Cleavage activity is involved in apocarotenoid production that consequently reduces the carotenoid concentration (Auldridge et al., 2006). Also, the carotenoid cleavage dioxygenase has been considered as a negative regulator for β-carotene concentration in Arabidopsis and its expression had a direct effect on the degradation and turnover of carotenoids in seeds during maturity period (Rodríguez-Ávila et al., 2011; Gonzalez-Jorge et al., 2013). For example, functional analysis of carotenoid cleavage dioxygenase mutant in Arabidopsis (AtCCD1), showed higher carotenoid concentration in mature seeds of mutant cultivar than the wild type (Auldridge et al., 2006). The important effect of ZEP1 region on carotenoid concentration in 281 maize lines with various kernel colors has been discussed by Owens et al. (2014). It seems that the ratio between carotenoid production and its conversion into apocarotenoid, plays a key role in carotenoid concentration in chickpea. In CDC Frontier and CDC 441-34 cultivars this ratio is lower than CDC Cory and CDC Jade cultivars with higher carotenoid concentration.
Based on our results the carotenoid levels decreased from earlier stage to later stage in chickpea seeds. The ABA concentration increases during seed development and it is positively correlated with embryo maturation (Wang et al., 1998). The legume seeds, which are mostly embryo, have a significant concentration of ABA (Goldberg et al., 1994). ABA is not the only cleavage product of carotenoids and there are more products like strigolactone (Booker et al., 2004). This process can explain the reduction of carotenoid during seed development. In addition, non-enzymatic activities including oxidative stress and lipid peroxidation involved in carotenoid degradation during seed desiccation (Sattler et al., 2004, 2006; Mène-Saffrané et al., 2010). However, our knowledge regarding regulatory mechanism involved in carotenoid concentration and composition may not be complete as potential other mechanisms may occur (Shumskaya and Wurtzel, 2013; De Moura et al., 2013).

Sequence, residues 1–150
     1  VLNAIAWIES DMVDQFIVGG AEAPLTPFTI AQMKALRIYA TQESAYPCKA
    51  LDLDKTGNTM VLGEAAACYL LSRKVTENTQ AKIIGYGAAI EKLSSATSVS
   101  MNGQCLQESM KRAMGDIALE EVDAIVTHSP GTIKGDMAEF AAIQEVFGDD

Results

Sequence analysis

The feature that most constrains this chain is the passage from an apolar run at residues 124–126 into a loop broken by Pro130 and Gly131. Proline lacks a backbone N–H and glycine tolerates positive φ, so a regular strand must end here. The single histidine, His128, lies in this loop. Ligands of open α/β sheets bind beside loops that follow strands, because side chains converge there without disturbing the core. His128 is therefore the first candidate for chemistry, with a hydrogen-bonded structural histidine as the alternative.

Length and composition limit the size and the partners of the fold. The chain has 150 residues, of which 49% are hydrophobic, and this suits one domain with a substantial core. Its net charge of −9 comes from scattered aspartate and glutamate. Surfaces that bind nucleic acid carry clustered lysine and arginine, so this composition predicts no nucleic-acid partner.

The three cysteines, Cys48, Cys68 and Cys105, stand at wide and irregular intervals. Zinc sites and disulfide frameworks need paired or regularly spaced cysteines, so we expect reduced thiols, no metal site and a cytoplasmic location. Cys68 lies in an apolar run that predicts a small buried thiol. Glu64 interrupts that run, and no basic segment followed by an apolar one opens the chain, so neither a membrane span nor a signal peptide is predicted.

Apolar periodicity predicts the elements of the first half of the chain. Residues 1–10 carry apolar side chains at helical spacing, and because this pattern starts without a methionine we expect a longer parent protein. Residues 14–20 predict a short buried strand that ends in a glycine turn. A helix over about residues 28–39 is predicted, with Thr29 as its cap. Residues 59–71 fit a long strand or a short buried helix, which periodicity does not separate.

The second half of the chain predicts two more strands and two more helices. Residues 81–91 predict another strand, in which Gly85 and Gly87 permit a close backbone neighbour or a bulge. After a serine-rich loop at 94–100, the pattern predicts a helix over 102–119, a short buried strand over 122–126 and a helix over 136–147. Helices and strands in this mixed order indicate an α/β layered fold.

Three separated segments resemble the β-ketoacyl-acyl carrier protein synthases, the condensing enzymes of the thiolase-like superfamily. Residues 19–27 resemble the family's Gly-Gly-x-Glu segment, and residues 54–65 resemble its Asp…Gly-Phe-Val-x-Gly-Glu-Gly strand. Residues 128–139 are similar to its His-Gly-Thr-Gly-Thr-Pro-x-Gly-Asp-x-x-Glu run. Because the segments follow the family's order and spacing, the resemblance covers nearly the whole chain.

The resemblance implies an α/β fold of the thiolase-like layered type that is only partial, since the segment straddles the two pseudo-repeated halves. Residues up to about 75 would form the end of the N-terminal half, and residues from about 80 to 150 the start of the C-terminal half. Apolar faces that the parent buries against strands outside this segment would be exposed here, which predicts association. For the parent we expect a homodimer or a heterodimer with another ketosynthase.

The two stay-green cultivars, CDC Jade and CDC Verano had the highest concentration of β-carotene among the Desi and the Kabuli types, respectively. Also, total carotenoid concentration is higher in pea and chickpea cultivars with green cotyledon color compared to cultivars with yellow cotyledons (Ashokkumar et al., 2014), and the same results were obtained as the case of lutein in pea (Holasovál et al., 2009).
Mutation on the stay-green gene (SGR) that involves in degradation of chlorophyll resulted in delayed senescence and consequently green cotyledon chickpea seed. In thylakoid membranes, carotenoids are in a complex of chlorophyll and protein of Photosystem I and II. For example, the PSI contains high β-carotene concentration and PSII is rich in lutein. In addition, the high correlation was found between lutein and chlorophyll concentration in green pea (Holasovál et al., 2009). Importantly the increased levels of carotenoid products normally associated with both the chloroplastic and the cytosolic pathways, including mevalonate, sterols, and squalene, as well as triacyl- glycerides (Kumar et al., 2012). For instance, PSY has a coexpression with genes involve in the synthesis of plastoquinone, NAD(P)H dehydrogenase, tiorredoxin, plastocianin, and ferredoxin (Meier et al., 2011). It seems that carotenoids in the complex of green tissues stay more stable than tissues with chlorophyll degradation. It is discussed by Ashokkumar et al. (2014) that higher lycopene cyclase activity is the main reason for higher total carotenoid in green cotyledon pea; however the cyclase activity in two green cotyledon chickpea was not higher than the other cultivars in this study. We believed that lower cleavage and hydroxylation activities have a significant effect on carotenoid concentration in green chickpea.